ment in the early 1900s relied on local or private sources of funding. Funding is now derived from a variety of sources, and a large percentage originates from federally collected sources, particularly user-related fees on gasoline and transport equipment. Since the passage of the Transportation Equity Act for the Twenty-First Century (TEA-21), investment in highway infrastructure has increased; for example, investment increased by 14% between 1997 and 2000 (FHWA 2002a). Capital spending on highways totaled about $64 billion in 2000, but that amount is unlikely to meet future needs for maintenance (FHWA 2002a).
The process by which these monies are spent to administer, plan, select, and build projects and maintain roads is a complicated maze of bureaucracy. The process is centered in states—with some variation among states in planning and implementation—and involves five interacting groups: federal government, state government, metropolitan planning organizations, local government, and the public (Forman et al. 2003). These governments share funding of administration, construction, planning, and maintenance in various ratios. Governments construct and maintain roads to provide a number of social benefits, such as providing mobility, transporting goods and people, and sustaining economic growth. One of the considerations in the process of road development is the recognition and management of environmental concerns.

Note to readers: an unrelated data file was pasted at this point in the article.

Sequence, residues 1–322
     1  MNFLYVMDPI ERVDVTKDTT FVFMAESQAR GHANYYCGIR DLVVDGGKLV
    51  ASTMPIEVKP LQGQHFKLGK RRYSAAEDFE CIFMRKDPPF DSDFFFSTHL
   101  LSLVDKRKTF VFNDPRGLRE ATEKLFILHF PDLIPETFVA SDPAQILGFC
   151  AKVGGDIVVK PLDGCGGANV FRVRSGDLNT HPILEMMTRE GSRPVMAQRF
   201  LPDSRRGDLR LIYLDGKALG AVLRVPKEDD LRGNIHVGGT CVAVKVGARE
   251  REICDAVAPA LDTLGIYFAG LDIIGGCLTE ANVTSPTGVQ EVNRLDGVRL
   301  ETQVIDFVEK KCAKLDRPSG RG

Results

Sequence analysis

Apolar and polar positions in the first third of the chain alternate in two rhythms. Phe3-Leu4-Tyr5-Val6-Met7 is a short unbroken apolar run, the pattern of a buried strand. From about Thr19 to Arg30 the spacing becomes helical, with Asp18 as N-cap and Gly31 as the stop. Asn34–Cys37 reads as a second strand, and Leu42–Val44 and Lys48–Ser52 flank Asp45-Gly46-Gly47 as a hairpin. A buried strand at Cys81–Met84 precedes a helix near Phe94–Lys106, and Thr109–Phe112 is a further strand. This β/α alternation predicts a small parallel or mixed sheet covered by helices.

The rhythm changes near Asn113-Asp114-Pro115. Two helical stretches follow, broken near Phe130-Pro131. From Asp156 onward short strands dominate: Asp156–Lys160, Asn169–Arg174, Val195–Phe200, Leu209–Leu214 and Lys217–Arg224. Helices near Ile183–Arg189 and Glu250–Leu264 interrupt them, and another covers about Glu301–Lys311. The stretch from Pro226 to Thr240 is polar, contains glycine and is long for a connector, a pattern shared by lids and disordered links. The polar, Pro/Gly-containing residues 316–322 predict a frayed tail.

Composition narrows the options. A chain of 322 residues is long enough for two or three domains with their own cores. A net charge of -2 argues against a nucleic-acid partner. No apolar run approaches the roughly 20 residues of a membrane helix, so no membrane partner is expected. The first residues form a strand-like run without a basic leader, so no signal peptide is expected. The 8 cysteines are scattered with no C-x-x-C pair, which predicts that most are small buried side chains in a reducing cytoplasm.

All phases of road development—from construction to vehicle use—change ecological conditions of an area. Roads change abiotic characteristics of the environment—from physical to chemical soil conditions to alterations in water flow and water quality. Vehicle use on roads contributes to air and water quality degradation (Forman et al. 2003). Other direct changes to the biotic components of ecosystems include alteration of habitats, increased wildlife mortality, and dispersal of nonnative pest species (plants and animals). At larger scales, roads can affect migration patterns (Forman et al. 2003).
Integration of environmental effects into all phases of transportation efforts has been part of an ongoing process for several decades. These efforts attempt to form a bridge between the transportation policy arena and the environmental science community. Federal legislation has long directed the Federal Highway Administration (FHWA) and recipients of federal funding to consider environmental factors when planning transportation systems and specific road projects. During the 1990s, the Intermodal Surface Transportation Equity Act and the TEA-21 (FHWA 2001a) contained provisions addressing environmental considerations for both transportation planning and project implementation. Combined